modules. The order of processing and the
involvement of modules can be managed by
the portlet at run time. GridSphere provides
authentication based on passwords stored in a
database and the JAAS authentication
module.
1.11 Unique concepts
q built-in support for Role Based Access
Control (RBAC) that divides users into
guests, users, administrators and super
users
q a higher-level model for building complex
portlets, which uses visual beans and the
GridSphere User Interface (UI) tag library
authentication modules
q portlet development, using the Java Server
Faces (JSF) standard
q JSR-168 and IBM WebSphere 4.1
compliance
q persistence of the provided data, with the
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GridSphere
April
use of Hibernate JDO/OQL for database
support
q integrated Junit/Cactus unit tests for
complete server side testing of portlet
services, including generation of test
reports
q support for portletizing Struts applications,
using the Portals Struts Bridge
1.12 Summary
GridSphere is a fully functional, easy-to-use
and stable portal framework. As a JSR-168-
compliant application, it can serve as a
platform for any standard-based portlet. The
higher-level API and service concept provides
a comfortable development environment and
enables a fast development process.
At the same time, proprietary solutions result
in an unportable code. GridSphere suffers
from a simplistic UI design and accidental
gaps in documentation. Also the XML-based
configuration requires profound knowledge of
the software.
1.13 Obtain more information
GridwiseTech offers vendor-independent
expertise and is available for commercial
engagements concerning technical evaluation,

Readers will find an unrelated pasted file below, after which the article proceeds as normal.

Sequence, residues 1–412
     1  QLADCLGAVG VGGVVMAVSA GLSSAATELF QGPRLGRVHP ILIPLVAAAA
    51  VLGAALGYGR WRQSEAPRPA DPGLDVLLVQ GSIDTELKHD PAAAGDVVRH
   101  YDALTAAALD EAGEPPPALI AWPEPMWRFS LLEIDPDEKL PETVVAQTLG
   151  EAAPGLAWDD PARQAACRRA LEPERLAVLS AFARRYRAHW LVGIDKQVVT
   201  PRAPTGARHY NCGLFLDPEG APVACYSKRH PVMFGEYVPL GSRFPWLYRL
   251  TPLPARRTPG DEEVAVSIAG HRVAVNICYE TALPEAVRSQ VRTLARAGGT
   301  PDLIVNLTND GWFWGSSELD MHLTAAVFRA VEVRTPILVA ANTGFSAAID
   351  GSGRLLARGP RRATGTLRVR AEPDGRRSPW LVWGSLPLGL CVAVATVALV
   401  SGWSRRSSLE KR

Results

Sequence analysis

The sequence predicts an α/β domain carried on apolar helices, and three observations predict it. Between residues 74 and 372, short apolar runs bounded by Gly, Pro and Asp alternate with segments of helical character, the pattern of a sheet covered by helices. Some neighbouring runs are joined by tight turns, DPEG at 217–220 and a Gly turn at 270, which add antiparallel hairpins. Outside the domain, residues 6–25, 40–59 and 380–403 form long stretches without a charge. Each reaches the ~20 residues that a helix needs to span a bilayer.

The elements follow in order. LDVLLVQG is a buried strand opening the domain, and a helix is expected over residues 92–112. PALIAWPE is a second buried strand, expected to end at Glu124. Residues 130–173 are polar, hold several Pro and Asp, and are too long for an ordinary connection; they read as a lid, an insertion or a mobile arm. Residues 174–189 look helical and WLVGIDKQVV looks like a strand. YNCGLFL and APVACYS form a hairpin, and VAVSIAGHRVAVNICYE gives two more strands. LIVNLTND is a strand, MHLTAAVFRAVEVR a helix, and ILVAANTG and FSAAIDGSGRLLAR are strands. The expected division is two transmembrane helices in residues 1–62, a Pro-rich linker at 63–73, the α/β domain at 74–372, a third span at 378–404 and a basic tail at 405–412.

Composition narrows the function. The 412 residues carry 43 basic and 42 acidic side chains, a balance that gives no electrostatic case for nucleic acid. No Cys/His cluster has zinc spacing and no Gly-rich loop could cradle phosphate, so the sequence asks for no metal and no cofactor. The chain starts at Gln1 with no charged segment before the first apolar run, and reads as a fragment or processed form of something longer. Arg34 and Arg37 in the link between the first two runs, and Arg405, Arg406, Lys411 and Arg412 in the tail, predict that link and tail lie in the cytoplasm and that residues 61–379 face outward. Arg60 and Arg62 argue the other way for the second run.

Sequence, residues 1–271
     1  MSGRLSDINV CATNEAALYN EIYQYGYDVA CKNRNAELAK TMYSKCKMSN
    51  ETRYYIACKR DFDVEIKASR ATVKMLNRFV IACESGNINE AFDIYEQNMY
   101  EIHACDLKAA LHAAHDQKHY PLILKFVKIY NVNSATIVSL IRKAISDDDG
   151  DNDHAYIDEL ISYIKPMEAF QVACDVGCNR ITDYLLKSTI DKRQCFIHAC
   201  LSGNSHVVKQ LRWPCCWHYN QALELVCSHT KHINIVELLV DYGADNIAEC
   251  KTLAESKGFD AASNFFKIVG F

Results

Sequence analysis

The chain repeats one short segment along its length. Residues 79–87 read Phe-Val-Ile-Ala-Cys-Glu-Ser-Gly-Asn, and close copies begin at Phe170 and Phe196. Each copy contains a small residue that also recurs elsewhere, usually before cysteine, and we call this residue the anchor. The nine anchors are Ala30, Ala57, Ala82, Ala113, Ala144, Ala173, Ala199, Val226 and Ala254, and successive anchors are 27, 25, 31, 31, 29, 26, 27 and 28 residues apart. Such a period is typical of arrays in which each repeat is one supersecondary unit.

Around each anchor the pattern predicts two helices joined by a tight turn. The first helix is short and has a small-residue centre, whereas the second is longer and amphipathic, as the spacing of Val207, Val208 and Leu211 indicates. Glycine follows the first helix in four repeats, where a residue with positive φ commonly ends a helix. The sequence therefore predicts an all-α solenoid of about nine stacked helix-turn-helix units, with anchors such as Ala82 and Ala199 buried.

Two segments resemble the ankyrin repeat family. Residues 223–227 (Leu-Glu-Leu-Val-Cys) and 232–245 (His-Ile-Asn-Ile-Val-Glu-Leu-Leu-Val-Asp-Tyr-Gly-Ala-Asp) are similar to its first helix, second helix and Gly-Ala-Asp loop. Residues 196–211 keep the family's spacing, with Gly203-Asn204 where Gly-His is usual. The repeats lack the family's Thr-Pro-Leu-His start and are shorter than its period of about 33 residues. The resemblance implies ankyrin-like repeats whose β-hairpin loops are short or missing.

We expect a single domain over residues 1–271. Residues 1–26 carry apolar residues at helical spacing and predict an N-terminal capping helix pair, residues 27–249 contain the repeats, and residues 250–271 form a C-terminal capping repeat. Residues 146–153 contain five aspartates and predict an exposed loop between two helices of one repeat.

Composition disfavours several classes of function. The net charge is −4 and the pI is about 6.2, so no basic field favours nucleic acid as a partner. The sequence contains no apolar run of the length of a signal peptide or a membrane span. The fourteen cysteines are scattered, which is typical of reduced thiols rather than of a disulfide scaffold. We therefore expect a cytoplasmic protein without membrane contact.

integration and development of complete Grid
solutions incorporating this product. We can be
contacted at contact@gridwisetech.com.
11
GridSphere
April
Chapter 2
Liferay
12
April
2 Liferay
The Liferay portal is an open source solution
that has been developed for six years. Its
spectacular interface, as well as the wide
range of bundled portlets, is accompanied by
substantial development capabilities. The
solution is available upon an MIT License
2.1 Installation and Configuration
The portal cooperates with an impressive
amount of application servers and servlet
containers. Liferay was released in two
versions: the enterprise version, which requires
an application server, and the professional
version, for which a servlet container is
sufficient. The installation process of each
configuration is precisely described in the
documentation. For the most popular open
source containers, Liferay provides a version of
portal bundled with a container, which
practically limits the installation process to
installing the JDK and unpacking the bundle.
Persistence facilities, accessed through
Hibernate, can be back-ended with various
databases. Liferay can also be configured to
work with a number of mail servers.
Even though the list of supported applications
is very long, developers still work on expanding
it. Liferay has published a complete list of
tested configurations on its website.
2.2 Portal Management
Liferay provides browser-based administration.
Unlike many other portals, all typical activities